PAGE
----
Non-Heated Daycare Lunches
January 29, 2013 11:17 PM   Subscribe

Need lot of ideas for lunches for a 1 year old.

We're trying keep offering lots of new tastes & textures while he's happy to try new things. We've been doing baby led weaning and he eats most of what we do. Usually I pack up leftovers for him but starting next week, he'll be in a classroom that can't heat up food (but they have a refrigerator). So, ideas for what I can pack for lunch?

He loves pretty much all fruit, yogurt, crackers, chicken and ground beef, but will. not. touch. eggs, avocados and raw tomatoes.

No peanuts or products processed in a plant that also processes peanut products.

He like sweet potatoes and I've cooked, cut up and frozen a bunch so we can just pop a few frozen chunks in a container and its thawed by lunchtime. Other things I can do this with would be awesome.
posted by HMSSM to Food & Drink (21 answers total) 34 users marked this as a favorite
 
Pasta, particularly penne. With or without sauce. Will they open containers for him? A little tupperware tub of dipping yoghurt-style sauce is nice for veggies.

Little cooked sausages ( in appropriately cut up shapes). My understanding is that cutting sausages like a 5cent coin is a choking hazard, but cutting it up like a julienne shape is safer.

Sliced olives, blueberries, strawberries, wrap bread with avocado on it. That's just off the top of my head. Also....hot cross buns with melted cheese on. Melt it the day before and keep it airtight.
posted by taff at 12:01 AM on January 30, 2013


I wish I had taken better advantage of the "open to new things" time to introduce as many non-sweet options as possible (e.g., broccoli, sprouted beans, unsweetened nut butters and/or dairy products). You might consider cutting back on fruits and sweet potatoes for now—they will generally still be easy to introduce later.
posted by she's not there at 12:04 AM on January 30, 2013 [3 favorites]


Oops, missed the avocado aversion thing. MrTaff covers 1/2 an avocado for ToddlerTaff in lemon juice, then zatar and gives her a spoon, and she now loves to eat it. .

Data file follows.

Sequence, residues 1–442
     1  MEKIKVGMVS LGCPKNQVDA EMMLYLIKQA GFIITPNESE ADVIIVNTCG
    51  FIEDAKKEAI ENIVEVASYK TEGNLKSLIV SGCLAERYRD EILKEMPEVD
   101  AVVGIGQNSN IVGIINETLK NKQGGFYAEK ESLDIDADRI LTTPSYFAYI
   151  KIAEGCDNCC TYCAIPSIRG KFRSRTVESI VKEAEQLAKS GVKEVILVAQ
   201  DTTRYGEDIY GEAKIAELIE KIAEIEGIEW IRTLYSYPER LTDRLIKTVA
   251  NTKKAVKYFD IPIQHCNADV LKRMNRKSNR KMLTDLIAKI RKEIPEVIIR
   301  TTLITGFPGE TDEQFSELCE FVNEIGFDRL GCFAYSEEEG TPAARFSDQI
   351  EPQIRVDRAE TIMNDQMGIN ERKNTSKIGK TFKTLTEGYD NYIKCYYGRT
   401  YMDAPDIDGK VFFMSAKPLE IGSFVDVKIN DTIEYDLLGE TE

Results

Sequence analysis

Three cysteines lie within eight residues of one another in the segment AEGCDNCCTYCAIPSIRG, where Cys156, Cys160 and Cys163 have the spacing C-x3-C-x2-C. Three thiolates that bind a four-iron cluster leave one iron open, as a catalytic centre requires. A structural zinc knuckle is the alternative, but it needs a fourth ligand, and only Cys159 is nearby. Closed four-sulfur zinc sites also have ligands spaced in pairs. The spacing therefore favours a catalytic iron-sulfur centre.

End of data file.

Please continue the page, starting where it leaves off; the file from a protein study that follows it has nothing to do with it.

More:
MrTaff wraps it in plastic then shoves it in her lunchbox. But she's older.

Generally, I find kids love food service autonomy.
posted by taff at 12:04 AM on January 30, 2013


Oh, yeah, I hear it's an Australian thing...but banana sandwiches...just moosh it in to some bread. Add honey if you must, but ripe 'nanies don't need it. And kids don't need honey.

They may go a bit brown, but kids don't know that's unaesthetic.
posted by taff at 12:07 AM on January 30, 2013


Carrots as a snack especially when they're teething rock. Cooked carrots are nice too - if he likes lemon, a squeeze of lemon might make them better. Rice crackers, sprinkled with seaweed. If you can get the small sweet variety of bananas, they are great. Cubes of cheese with little finger sized bits of vegetables are great. A little container of yogurt and hummus with slices of cucumber on the side is good.

This trick is supposed to keep apple slices from browning.

Have you tried sardines or tuna? Both super healthy once or twice a week and fine at room temperature or even chilled. You can add olives and lemon and serve with crackers.

Are other nut butters allowed? Tahini is a good spread for wholemeal bread.

One is just the right age to introduce Vegemite....